On the last day of 2017, Rabbi Shmuley Boteach took out a full-page ad in the Washington Post attacking Lorde, a massively popular 21-year-old pop singer from New Zealand, with the leading headlines “Lorde And New Zealand Ignore Syria To Attack Israel!” and “21 Is Young To Become A Bigot!” Boteach was seemingly incensed because Lorde had announced, a few days earlier, her choice to protest Israel’s policies towards Palestinians by canceling her show in Tel Aviv.
Lorde accused of anti-semitism in full page Washington Post ad as fallout from cancelled Israel concert continues https://t.co/Hc7IoCi1yT pic.twitter.com/G9WDQ4zLVX— 1 NEWS (@1NewsNZ) January 1, 2018
The attack on Lorde appears highly ironic to most everyone but Mr. Boteach himself. Boteach is an apologist for Steve Bannon, Breitbart and the Trump administration — and apparently an authority on who is and who is not a bigot. The ad is also a glowing exercise in self-defeat, landing in the public sphere like a lead zeppelin sure more than anything else to send droves of millennial Jews running.
The optics of the ad itself are offensive. The photo of Lorde chosen shows her slightly slouching, looking to the side with an attitude that might be confusion or guilt, and wearing an uncharacteristically low and revealing neckline. It is in marked contrast with the strong images of her most often seen in the press and seems chosen to highlight both her childishness and her sexuality.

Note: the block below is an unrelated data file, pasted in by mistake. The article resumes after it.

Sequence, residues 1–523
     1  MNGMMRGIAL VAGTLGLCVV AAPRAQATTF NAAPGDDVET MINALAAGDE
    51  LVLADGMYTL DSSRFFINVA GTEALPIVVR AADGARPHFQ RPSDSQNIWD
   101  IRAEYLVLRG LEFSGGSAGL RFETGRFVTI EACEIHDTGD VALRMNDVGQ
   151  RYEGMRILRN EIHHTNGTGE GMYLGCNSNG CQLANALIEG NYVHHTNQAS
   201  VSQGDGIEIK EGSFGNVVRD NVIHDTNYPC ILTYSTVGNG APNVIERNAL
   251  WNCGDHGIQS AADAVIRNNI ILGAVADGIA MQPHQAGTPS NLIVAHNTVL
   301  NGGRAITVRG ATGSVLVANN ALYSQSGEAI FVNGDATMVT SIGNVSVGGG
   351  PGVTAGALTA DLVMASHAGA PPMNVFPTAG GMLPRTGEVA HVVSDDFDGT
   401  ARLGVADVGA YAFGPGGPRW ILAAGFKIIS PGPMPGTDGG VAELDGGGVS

The argument the ad makes is also riddled with problems. It begins by criticizing Lorde for joining the “global anti-Semitic boycott” while ignoring the human rights record of Russia, which is included in her current tour. This line of argument, which is commonly and mistakenly deployed against the boycott, divestment, and sanctions (BDS) movement, has a serious flaw. The first is that no one from Russia, or any other human rights abusing country, asked Lorde to cancel her concert there. What would have happened if Lorde had been planning to play in Chechnya, say, and the LGBTQ community asked her to cancel the concert in protest? We don’t know, but we certainly can’t assume that Lorde, who was known for her activism on progressive causes before this incident, would have gone ahead with the show.